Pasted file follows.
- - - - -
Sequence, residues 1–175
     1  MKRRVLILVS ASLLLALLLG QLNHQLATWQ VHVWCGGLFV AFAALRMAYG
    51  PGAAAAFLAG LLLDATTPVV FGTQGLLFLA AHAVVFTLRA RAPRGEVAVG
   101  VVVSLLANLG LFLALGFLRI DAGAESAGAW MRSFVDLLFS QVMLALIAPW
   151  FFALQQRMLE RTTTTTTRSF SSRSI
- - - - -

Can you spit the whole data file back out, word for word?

Sequence, residues 1–175
     1  MKRRVLILVS ASLLLALLLG QLNHQLATWQ VHVWCGGLFV AFAALRMAYG
    51  PGAAAAFLAG LLLDATTPVV FGTQGLLFLA AHAVVFTLRA RAPRGEVAVG
   101  VVVSLLANLG LFLALGFLRI DAGAESAGAW MRSFVDLLFS QVMLALIAPW
   151  FFALQQRMLE RTTTTTTRSF SSRSI